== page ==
Village of the Damned

1960 movie

If you haven’t seen it:

village_of_the_damned-poster

Village of the Damned is a reasonably faithful adaptation of John Wyndham’s book “The Midwich Cuckoos.”

One day, in the small English village of Midwich, everyone (and everything) suddenly falls asleep. Several hours later, they all wake up again, and there do not seem to be any ill effects. However, it soon becomes clear that all the young women of the village have become pregnant. Aliens are suspected. Will the babies be human?

 

 

If you have seen it:

Scroll down past the trailer for more.

 

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SPOILER ALERT: The plot summary and comments below contain details that might spoil your enjoyment of the movie if you have not already seen it.

Plot:

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An early example of a Flash Mob

Everybody in the small English village of Midwich suddenly falls into a deep, mysterious sleep for several hours in the middle of the day. Animals, birds, and even the pilot of an aircraft flying overhead are affected. Emergency services are contacted, but they cannot help, as they cannot enter the village without falling asleep themselves. Several hours later though, as mysteriously as it started, the crisis ends, and everyone wakes up again.

Shortly afterwards, all the young women of the village discover they are pregnant. This leads to accusations of infidelity and premarital sex, but soon the extraordinary nature of the pregnancies becomes clear. All of the women give birth on the same day, and the children all have similar characteristics – blonde hair, piercing eyes, and unusual fingernails.

The children develop at an impossible speed, and we soon learn that not only are they extremely intelligent, but they have telepathic powers. They can communicate with each other through thought, and to an extent they can read other people’s minds. Furthermore, they can force people to obey their telepathic commands; they can even force people to commit suicide if they displease them.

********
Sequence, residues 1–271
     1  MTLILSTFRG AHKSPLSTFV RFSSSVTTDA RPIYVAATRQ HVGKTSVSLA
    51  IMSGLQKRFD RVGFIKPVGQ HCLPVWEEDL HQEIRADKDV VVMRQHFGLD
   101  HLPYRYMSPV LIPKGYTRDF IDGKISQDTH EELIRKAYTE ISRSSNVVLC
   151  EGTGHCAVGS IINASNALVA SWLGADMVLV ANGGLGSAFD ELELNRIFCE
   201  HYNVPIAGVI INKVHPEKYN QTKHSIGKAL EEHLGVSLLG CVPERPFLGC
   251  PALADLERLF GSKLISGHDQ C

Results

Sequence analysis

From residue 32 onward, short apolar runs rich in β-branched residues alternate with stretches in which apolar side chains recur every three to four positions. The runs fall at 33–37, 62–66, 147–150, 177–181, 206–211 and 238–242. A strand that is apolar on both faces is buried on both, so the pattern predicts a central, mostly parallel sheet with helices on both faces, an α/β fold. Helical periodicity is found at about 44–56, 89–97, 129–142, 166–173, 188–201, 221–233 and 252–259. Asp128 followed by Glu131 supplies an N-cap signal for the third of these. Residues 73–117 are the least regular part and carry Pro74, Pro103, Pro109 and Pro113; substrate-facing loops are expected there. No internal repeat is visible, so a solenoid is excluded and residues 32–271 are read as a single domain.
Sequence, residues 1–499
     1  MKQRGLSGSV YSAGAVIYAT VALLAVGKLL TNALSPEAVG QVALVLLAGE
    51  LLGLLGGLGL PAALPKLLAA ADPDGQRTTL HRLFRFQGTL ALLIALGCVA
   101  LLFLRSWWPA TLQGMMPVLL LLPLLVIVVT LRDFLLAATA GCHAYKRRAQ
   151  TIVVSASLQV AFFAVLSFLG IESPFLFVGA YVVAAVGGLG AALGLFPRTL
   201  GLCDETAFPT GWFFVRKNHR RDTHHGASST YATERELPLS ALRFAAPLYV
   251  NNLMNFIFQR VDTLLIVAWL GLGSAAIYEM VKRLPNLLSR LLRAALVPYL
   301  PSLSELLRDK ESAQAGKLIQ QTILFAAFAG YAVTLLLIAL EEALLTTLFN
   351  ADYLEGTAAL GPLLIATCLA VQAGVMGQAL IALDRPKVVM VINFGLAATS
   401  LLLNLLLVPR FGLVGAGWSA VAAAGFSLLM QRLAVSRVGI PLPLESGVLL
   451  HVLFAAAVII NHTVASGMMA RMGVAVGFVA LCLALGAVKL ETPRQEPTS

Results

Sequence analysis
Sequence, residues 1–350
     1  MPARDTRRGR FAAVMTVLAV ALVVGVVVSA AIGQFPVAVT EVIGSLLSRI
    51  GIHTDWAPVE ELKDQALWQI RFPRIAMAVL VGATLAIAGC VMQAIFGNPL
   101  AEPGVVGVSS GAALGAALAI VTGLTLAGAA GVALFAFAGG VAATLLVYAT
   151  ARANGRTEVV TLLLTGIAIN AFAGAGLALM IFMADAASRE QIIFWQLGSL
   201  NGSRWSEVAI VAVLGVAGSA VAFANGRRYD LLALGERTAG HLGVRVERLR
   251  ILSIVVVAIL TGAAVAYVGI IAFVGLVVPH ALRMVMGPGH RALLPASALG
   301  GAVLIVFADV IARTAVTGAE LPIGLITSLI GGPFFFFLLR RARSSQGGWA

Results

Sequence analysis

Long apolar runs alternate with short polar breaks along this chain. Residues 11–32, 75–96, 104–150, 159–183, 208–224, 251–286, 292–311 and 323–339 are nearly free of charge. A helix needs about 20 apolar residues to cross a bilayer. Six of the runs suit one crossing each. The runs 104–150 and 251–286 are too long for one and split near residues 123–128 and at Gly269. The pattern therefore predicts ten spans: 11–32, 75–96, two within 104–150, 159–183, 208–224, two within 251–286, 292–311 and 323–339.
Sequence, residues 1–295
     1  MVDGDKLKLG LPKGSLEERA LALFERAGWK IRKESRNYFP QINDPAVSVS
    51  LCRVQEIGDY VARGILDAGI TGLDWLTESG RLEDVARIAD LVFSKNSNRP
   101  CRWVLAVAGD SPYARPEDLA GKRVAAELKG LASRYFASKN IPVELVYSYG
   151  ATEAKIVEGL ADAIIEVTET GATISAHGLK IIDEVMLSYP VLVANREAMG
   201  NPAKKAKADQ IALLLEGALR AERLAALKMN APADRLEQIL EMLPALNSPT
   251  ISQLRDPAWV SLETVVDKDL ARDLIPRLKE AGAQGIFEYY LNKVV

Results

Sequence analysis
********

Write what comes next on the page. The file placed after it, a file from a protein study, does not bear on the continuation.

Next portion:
Gordon Zellaby is the “father” of the leader of the group. At first he is determined to protect the children, and he becomes their teacher. When their evil nature becomes obvious though, he realizes he must kill them. He takes a bomb into the classroom, and tries to avoid thinking about it so that the children cannot read his mind. They do eventually break his defences down, but it is too late, and the bomb detonates, killing them all.

 

Trivia Trish Says:

The Midwich Cuckoos is an exciting and enjoyable novel. John Wyndham was a great writer, and his books are loved by the sort of people who do not usually read science-fiction. As well as The Midwich Cuckoos, he also wrote The Day of the Triffids, The Kraken Wakes, and the underrated Trouble with Lichen. His technique is to introduce one sci-fi element into an otherwise realistic world, and write about the impact that element has. He writes so convincingly, and pays such attention to detail, that you find yourself believing that it could all happen.

“The Midwich Cuckoos” is a great title too – cuckoos lay their eggs in other birds’ nests, tricking these other birds into raising their young. Naturally then, when Hollywood came to make a film version, they dropped the title and went with “Village of the Damned” instead, which is uninspired and actually pretty misleading.

Apart from the title, I like this film. It’s good to see George Sanders in a leading role, and the creepy alien children are great.

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The eyes have it

 

Steve Sunday Says:

Village of the Damned was on TV the other day. Just before it started, the announcer warned us that “some viewers might find certain scenes upsetting.” Now, I have never found this type of warning useful – it needs to be more specific. Some viewers? What sort of viewers exactly? Some viewers are upset by harsh language, I am not one of those. Some viewers get upset by anachronisms in period dramas … well, okay, I am one of those, but I know for sure that you do not get warned about these in advance; if you did then the recent BBC drama The Tudors would have been preceded by flashing lights, sirens going off, and disclaimers that you must watch at your own risk. Anyway, when Village of the Damned started, I realized the movie was actually the inferior 1995 remake, and yes, I was upset. I believe that the warning announcement should have been “viewers who tuned in expecting to see a classic piece of quintessentially English early science fiction cinema will find the whole movie upsetting.”

 

Main Cast and Crew:

George Sanders…Gordon Zellaby
Barbara Shelley…Anthea Zellaby
Martin Stephens…David Zellaby
Michael Gwynn…Alan Bernard
Directed by Wolf Rilla

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Zellaby realised that he had told one “blonde” joke too many

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